And he can't stop there. "The Thief of Baghdad" with Douglas Fairbanks, Sr., springs to mind, as, of course, does today's big opening night presentation, "Cabaret," with Oscar-winning stars Liza Minnelli and Joel Grey in attendance. "You're playing 'Cabaret' on a big screen at the Chinese Theatre, I mean, that's like irresistible to me," Osborne says. "Somebody I talked to recently said the one more than anything else they want to see is 'Seconds,' the John Frankenheimer film. Somebody else said, 'Well, I want to see 'The Longest Day' because it's going to be in Cinemascope on a big screen, never seen it that way and it's such an awesome film.' So it's kind of to each his own. But the great thing is we've got films from all the eras and we've got films from all the genres. If you like war films, fine. If you like musicals, great. If you like adventure films, we've got '20,000 Leagues Under the Sea' and we've got, you know, Randolph Scott westerns, the whole mix. I think that's very important."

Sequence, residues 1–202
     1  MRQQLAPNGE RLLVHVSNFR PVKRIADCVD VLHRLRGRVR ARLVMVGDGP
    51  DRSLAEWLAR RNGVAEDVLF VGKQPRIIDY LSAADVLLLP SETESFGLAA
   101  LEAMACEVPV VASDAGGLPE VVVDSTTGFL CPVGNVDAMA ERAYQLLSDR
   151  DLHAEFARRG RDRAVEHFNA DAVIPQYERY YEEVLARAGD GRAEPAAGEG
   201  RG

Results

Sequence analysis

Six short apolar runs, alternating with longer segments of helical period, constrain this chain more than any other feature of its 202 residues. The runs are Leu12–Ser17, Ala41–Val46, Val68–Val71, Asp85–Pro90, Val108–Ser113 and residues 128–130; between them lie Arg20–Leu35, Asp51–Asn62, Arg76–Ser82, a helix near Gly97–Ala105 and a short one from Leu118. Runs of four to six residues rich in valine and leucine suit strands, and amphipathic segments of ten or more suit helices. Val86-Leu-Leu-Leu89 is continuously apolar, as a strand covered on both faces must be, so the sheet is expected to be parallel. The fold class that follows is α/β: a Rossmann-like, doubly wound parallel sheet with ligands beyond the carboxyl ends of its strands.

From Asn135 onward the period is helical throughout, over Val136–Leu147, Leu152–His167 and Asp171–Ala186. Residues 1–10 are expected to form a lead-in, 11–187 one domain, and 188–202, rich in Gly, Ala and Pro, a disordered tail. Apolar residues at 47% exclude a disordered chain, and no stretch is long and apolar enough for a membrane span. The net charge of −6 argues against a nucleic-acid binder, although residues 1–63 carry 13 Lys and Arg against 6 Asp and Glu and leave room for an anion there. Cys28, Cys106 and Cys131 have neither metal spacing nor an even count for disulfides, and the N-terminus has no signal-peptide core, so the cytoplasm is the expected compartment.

One showcase in particular is a bit of an unofficial centerpiece for the fest when you look out over the schedule: Saturday night's screening of Roy Ward Baker's "A Night to Remember." The date, April 14, is both the 18th birthday of Turner Classic Movies and the eve of the 100th anniversary of the sinking of the Titanic. The latter event has been quite the talk of the film world given the recent 3D conversion of James Cameron's 1997 film, but here's a chance for film-goers to discover a dramatization that came 40 years before that Leonardo DiCaprio/Kate Winslet romance came along and destroyed all box office records.